Tway is enjoying life back near the top

June 18, 1995|By Don Markus | Don Markus,Sun Staff Writer

SOUTHAMPTON, N.Y. -- Bob Tway was one of golf's rising stars when he came to Shinnecock Hills for the 1986 U.S. Open. He also was the PGA Tour's hottest player, having won twice in his second year on the PGA Tour. He would win two other tournaments later that summer, including the PGA Championship.

"I had a lot of confidence," Tway said here Friday. "I had just won the week before in Westchester and played well here and I won the next week in Atlanta. I would honestly say if I had that confidence, I would feel better about my position right now."

Tway came into yesterday's third round at 2-under par 138, three shots behind Greg Norman. He had not been in this position midway through an Open since 1990 at Medinah, when he shot himself out of contention with a pair of 74s.

Then again, Tway hasn't been in contention at many tournaments the past few years. Since holing out from a bunker on the 72nd hole to beat Norman at the PGA nine years ago -- a victory that led to his being named Player of the Year -- Tway's career took a fast track to oblivion.

"I had a tough time saying 'No' back then," said Tway, 36. "I have a lot more responsibilities than I did back then. I won't be tinkering with my golf swing trying to get better. I will leave well enough alone."

Tway bottomed out in 1992, when he finished 179th on the money list and lost his Tour card. He has climbed back slowly, and won his first event in five years at the MCI Heritage in April. He came into the Open with $412,079 in earnings this year, 18th on the money list.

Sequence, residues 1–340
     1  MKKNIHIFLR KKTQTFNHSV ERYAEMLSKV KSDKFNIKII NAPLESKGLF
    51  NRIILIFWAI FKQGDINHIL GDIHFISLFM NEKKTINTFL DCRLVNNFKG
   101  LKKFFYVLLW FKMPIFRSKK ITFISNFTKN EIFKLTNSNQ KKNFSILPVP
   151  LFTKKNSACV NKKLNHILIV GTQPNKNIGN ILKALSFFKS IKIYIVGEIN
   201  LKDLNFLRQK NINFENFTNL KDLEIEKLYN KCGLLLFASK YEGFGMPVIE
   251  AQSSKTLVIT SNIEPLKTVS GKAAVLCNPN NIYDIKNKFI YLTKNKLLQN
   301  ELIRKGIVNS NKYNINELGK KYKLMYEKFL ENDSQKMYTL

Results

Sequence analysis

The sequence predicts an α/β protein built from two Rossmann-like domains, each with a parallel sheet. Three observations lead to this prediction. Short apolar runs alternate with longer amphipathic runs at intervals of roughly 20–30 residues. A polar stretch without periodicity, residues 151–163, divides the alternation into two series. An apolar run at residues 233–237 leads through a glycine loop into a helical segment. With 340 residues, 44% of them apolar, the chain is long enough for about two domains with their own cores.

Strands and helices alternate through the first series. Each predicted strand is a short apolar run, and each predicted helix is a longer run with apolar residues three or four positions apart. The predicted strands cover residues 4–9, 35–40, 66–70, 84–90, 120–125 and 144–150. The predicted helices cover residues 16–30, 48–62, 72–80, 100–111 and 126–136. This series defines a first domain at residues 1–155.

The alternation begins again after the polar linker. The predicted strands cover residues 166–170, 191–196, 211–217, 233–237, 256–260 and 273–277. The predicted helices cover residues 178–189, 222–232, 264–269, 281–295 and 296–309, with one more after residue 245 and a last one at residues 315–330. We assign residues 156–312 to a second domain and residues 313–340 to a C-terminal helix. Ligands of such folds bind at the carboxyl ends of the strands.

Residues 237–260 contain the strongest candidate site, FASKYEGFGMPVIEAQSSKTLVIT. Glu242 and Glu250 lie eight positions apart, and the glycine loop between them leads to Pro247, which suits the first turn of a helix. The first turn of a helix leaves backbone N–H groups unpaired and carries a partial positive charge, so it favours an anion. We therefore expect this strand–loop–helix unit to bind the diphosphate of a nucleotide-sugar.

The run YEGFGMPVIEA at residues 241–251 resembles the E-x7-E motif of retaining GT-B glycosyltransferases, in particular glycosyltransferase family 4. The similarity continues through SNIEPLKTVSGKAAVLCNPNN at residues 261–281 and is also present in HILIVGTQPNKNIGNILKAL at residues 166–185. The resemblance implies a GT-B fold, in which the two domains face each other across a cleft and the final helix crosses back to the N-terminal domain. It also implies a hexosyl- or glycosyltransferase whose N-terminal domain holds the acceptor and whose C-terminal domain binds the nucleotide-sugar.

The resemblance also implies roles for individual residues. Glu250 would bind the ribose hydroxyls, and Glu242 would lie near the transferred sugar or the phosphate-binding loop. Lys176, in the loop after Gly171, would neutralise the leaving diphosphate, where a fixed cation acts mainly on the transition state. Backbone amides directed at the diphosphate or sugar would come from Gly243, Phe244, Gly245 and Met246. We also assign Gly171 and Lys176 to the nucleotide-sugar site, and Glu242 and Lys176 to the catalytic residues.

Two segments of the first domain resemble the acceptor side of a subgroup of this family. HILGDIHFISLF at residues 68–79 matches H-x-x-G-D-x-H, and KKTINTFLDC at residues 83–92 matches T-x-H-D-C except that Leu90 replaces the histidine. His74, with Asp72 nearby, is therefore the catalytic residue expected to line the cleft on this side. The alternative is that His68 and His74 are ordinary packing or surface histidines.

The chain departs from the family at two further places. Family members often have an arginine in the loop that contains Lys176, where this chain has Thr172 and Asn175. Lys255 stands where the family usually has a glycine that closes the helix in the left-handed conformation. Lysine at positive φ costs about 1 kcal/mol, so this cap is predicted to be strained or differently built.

Tway, who finished tied for eighth in 1986, holds no illusions of winning this year's Open.

"When I missed about eight or nine cuts in a row one time, I said, 'This is pretty bad,' " said Tway. "You know I couldn't find the golf course. I think all you can do with my philosophy was to start at the very bottom and take baby steps back up."

No exemption, no go

Bill Glasson has a simple rule when it comes to playing in the Open. If he's exempted into the field, he goes. If he has to qualify, he stays home.

"I usually sign up [to qualify]," he said Friday, "but I don't go. You know, 36 holes in one day and six hours each. I admire the guys that go, but I am not going to admire them from close up."

Even when he's exempt for the Open, he doesn't make a big deal about it.

"The only reason you come to a U.S. Open is to try to win," said Glasson, 35. "We all want to win."

A win would get him a 10-year exemption from qualifying. But he wouldn't use the prize money toward his hobby of flying. He already has a state-of-the-art twin-engine prop that seats eight.

"I think there's a big correlation between the precision needed in flying and in golf," said Glasson. "In golf, you're trying to hit the perfect shot. When you fly, you're trying to make the perfect landing. I don't fly because I want to say I do it. I fly to improve the quality of my life."

Breaks of the game

Quote of the day: "I'm just lucky I didn't break any bones." -- Fuzzy Zoeller after a 6-over 76.

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